That officer who was there inspecting the vehicle is now returned back to the staging area. He is removing his protective face mask. And it looks as though they may be taking some of that gear off. I don't know if that would indicate the car has been cleared or whatever. Lots of questions still remain to be answered. Let's check in now with our Mark Potter.

Mark, are you still there?

POTTER: Yes I am, Leon. And I was listening carefully to what my colleague John Zarrella was talking about. The traffic headaches and the detours, and unfortunately the word from the Collier county sheriff's office a moment ago is that it's going continue to be just like that for several more hours. The cars are on the scene. The search, I don't believe is completed, we -- it was described to us a short while ago that they were 25 percent done, then they had to wait for the robot to come in and then they would continue to thorough search. So the bulk of the search still is ahead of them.

A spokesperson for the sheriff's office said that as long as they are out there on the highway with all that gear and the cars there and the potential threat, related to explosives, they're going to keep the highway closed and those detours and those problems and headaches will continue. And again, the description that we got from the spokesperson is that we can expect this to last for several more hours. Now that's the bad news.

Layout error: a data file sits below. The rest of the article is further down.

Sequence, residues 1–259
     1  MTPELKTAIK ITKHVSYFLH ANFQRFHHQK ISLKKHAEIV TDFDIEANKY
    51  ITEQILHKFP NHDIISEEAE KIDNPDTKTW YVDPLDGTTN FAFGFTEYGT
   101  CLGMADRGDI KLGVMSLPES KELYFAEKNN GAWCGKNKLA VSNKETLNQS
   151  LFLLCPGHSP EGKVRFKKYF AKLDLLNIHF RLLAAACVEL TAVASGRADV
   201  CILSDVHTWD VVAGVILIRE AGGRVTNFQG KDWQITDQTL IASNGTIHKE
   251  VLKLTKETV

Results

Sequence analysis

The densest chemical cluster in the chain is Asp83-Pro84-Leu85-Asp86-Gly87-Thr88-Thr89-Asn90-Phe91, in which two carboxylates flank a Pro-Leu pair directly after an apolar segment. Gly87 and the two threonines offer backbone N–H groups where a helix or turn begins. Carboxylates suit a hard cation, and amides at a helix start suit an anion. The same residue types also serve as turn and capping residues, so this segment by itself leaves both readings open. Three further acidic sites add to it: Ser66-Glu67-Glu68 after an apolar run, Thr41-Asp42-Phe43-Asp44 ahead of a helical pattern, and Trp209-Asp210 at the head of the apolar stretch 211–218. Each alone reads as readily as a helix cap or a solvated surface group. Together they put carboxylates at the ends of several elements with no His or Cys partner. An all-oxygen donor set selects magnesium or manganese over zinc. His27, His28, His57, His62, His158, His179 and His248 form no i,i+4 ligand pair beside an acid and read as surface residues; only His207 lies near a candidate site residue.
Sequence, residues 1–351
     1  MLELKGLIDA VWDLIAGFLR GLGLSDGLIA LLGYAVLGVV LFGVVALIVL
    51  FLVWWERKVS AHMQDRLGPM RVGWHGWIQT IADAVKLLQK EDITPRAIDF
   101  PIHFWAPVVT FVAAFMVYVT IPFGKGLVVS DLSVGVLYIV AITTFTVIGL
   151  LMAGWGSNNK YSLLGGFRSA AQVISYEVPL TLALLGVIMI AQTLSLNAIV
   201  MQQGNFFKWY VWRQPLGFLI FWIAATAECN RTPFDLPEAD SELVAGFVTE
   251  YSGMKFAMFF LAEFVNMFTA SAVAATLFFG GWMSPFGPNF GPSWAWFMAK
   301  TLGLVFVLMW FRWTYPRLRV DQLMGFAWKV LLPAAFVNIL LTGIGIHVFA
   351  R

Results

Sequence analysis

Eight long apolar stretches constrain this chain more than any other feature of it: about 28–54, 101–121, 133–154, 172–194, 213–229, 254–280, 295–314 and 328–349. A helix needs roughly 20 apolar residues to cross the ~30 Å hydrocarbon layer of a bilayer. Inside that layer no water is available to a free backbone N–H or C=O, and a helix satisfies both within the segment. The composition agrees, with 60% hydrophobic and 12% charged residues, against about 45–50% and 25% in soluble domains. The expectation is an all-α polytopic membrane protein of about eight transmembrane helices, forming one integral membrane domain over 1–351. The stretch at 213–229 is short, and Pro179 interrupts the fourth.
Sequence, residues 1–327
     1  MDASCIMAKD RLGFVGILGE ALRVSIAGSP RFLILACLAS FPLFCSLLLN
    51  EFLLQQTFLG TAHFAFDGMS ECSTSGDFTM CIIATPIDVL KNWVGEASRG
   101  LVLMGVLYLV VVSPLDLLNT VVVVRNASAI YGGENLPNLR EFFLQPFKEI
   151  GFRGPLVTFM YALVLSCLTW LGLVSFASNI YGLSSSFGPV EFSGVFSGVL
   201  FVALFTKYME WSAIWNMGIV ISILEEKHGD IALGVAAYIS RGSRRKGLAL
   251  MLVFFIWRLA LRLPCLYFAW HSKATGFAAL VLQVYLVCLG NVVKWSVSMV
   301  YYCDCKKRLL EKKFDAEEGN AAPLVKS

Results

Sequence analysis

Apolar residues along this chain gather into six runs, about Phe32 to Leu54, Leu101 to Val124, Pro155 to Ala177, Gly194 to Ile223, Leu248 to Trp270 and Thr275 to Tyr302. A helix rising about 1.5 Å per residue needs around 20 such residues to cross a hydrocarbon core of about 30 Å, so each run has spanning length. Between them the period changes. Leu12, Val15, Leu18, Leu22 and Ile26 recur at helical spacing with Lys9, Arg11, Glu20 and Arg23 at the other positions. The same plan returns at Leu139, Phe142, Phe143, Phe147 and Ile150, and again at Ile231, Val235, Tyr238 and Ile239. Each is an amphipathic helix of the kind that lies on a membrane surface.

There is a little bit of good news. It comes from the same office and it is that hazardous materials detection specialists, HAZMAT teams, came from the Naples area, has gone in there and has cleared the area or determined the area is clear of biological and chemical hazards. The area surrounding the car has been found to be clear of, again, biological and chemical hazards. So that's a little bit of good news. They can concentrate on the cars without any -- without fear of there being any contaminants in the nearby area.

But again, until they definitively know what is in that car and the cars can be cleared, that highway, that stretch of highway, is going to stay closed and people are just going to have to drive around it. And it's going to be --

HARRIS: Mark, let me ask you something real quickly. Was there perhaps any thinking that there might be a specific --

KAGAN: Leon, I'm just going to jump in here because we have some kind of news conference going on and we want to jump in and get the latest information. So let's have Mark stand by. UNIDENTIFIED MALE: (UNINTELLIGIBLE) ...from the dog and what our information is from the robot.

QUESTION: What kind of pictures are they getting from the robot now?

UNIDENTIFIED MALE: Well, right now the robot's not working. It is stationary because they're doing the physical search of what;s occurring.

QUESTION: And, were there some items taken from the vehicle already? What kind of evidence, if any, do we have so far?